|Healthy Diet Plans >> Dietary Supplements >> Riboflavin|
RiboflavinVitamin B2 or Riboflavin is an easily absorbed micro nutrient required for wide variety of cellular processes. Vitamin B2 is required, like all other vitamins in the metabolism of fats, carbohydrates and proteins. Riboflavin plays an important role in energy production. Natural dietary sources of riboflavin are: asparagus, cottage cheese, milk, yogurt, meat, eggs, fish and okra. Each of these food items contains at least 0.1 mg of the vitamin for every 85-300g serving.
This vitamin is considered an important nutrient because of the role it plays in energy production. Riboflavin also helps in red blood cell formation, release of energy from foods and nervous system functioning. Riboflavin also plays a crucial role in essential oxidation reduction reactions. Riboflavin coenzymes play an important part in conversion of Vitamin B6 and folic acid such that they can benefit the body. Riboflavin also aids the memory and thing processes apart from various important chemical processes within the body. Deficiency of this important vitamin could lead to disorders such as: fissures at the mouth corners, anemia, corneal ulcers, eye weakness, neuropathy of extremities, skin rashes, sore tongue and less than normal growth in children.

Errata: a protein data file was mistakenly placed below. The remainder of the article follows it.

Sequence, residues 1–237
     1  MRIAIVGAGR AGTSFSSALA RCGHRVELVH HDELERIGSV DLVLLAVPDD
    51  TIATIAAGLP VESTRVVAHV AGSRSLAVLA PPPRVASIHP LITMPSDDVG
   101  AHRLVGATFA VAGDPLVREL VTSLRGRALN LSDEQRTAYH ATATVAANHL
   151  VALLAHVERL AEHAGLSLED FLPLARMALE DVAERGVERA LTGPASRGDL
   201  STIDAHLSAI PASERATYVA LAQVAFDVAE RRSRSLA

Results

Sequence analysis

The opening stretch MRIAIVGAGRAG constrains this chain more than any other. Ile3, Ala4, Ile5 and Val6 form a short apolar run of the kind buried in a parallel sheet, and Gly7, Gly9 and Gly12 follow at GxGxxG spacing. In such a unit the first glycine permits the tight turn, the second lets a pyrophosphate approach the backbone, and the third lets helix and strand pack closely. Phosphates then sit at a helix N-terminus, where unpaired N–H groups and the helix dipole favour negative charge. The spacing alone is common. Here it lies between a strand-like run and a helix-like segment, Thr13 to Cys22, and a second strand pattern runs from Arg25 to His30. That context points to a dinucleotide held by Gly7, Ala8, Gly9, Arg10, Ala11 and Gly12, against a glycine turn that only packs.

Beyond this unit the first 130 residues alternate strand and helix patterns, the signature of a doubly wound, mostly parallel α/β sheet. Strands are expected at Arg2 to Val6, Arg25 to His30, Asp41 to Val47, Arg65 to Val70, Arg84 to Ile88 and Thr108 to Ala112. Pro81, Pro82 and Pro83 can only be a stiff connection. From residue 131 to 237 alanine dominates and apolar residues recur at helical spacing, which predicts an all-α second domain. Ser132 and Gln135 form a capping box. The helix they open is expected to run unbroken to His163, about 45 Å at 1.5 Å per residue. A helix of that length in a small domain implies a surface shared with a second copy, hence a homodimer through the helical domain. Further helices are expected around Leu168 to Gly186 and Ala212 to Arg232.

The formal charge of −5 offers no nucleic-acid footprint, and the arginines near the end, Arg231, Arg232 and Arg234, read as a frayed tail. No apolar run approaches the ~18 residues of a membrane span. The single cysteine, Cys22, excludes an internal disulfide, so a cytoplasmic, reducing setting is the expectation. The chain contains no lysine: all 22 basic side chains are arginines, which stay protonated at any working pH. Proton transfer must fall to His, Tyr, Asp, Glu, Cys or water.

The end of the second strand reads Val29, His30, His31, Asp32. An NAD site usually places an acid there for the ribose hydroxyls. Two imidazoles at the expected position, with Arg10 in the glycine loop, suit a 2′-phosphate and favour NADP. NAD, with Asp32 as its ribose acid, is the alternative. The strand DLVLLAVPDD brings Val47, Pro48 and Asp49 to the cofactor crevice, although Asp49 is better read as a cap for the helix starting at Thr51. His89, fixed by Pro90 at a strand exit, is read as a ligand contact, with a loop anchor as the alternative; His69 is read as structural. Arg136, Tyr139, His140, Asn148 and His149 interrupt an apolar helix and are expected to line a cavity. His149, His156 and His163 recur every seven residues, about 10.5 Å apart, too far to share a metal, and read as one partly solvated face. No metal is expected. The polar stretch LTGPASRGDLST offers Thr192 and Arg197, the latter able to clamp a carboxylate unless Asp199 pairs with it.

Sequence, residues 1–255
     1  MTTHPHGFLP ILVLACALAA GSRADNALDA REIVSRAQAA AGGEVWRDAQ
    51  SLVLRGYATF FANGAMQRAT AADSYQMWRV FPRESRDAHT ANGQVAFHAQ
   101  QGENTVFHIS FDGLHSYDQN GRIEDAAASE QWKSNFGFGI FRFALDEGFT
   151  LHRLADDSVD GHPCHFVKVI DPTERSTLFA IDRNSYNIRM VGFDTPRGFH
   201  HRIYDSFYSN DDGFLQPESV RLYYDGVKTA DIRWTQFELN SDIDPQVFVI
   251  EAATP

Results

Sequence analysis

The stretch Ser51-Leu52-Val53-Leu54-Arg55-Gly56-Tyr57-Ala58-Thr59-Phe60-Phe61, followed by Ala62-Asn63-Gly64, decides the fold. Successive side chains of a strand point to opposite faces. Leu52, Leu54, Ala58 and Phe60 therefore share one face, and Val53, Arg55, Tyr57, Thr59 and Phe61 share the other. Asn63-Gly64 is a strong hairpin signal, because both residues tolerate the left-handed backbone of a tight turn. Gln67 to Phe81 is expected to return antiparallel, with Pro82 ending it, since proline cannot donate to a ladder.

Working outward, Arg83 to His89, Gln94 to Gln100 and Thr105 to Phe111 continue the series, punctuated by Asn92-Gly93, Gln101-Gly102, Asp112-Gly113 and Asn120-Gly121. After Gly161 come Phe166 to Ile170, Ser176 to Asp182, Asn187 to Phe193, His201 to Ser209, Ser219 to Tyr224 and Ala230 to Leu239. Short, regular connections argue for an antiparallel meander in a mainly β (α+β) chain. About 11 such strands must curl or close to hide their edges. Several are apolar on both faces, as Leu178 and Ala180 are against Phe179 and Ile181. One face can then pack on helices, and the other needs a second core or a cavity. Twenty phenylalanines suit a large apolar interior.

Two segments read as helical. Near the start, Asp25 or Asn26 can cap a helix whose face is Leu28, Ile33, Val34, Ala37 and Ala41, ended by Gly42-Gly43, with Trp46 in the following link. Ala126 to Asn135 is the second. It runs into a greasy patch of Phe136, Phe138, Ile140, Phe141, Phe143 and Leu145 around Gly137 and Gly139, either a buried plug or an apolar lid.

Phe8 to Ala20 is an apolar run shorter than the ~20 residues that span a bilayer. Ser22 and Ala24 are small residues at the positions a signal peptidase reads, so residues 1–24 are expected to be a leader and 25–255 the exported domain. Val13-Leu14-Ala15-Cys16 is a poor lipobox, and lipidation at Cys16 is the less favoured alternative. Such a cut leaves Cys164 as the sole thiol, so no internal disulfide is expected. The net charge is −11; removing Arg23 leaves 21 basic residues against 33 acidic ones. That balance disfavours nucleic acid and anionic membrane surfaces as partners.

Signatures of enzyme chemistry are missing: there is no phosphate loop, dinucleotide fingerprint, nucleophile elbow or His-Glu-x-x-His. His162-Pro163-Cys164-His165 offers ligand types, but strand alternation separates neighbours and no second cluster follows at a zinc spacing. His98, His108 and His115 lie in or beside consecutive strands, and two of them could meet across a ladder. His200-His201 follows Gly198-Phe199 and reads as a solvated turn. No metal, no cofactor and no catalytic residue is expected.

While healthy individuals who eat a balanced meal may not require dietary supplements, it is important to assess the dietary sources and monitor the dietary intake to ensure deficiencies do not affect the system. Intake of riboflavin through dietary sources is limited for vegetarians and can therefore mean lower levels of riboflavin in the body. Various clinical trials indicate the use of riboflavin as treatment for patients with alcohol dependence, mental disorders and in phototherapy treatment for neonatal jaundice. Growing evidence also indicate the efficacy of riboflavin supplements in eliminating migraine headaches. Some other disorders with relatively less scientific evidence indicating treatment of disorders by intake of riboflavin supplements include disorders such as: anorexia, cataract, cognitive functions, depression, malaria and pre-eclampsia.
Specific groups of people who have higher chances of developing riboflavin deficiency include senior citizens, those afflicted by chronic illnesses, the poor who are unable to afford consuming natural dietary sources and those with alcohol dependence. It is considered safe to supplement riboflavin in large amounts. The suggested intake as per the U.S. Recommended Dietary Allowance (RDA) for infants and children is 0.3mg to 1mg and adults require 1- 1.3 mg to ensure deficiency of this vitamin does not affect the functioning of the system.
|Submitted on January 16, 2014|